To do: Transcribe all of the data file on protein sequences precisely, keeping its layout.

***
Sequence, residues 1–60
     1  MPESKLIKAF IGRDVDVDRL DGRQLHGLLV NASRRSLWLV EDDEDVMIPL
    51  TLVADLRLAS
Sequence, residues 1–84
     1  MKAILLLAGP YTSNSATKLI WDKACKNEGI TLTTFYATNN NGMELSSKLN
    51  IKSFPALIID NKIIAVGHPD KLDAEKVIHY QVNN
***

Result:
Sequence, residues 1–60
     1  MPESKLIKAF IGRDVDVDRL DGRQLHGLLV NASRRSLWLV EDDEDVMIPL
    51  TLVADLRLAS
Sequence, residues 1–84
     1  MKAILLLAGP YTSNSATKLI WDKACKNEGI TLTTFYATNN NGMELSSKLN
    51  IKSFPALIID NKIIAVGHPD KLDAEKVIHY QVNN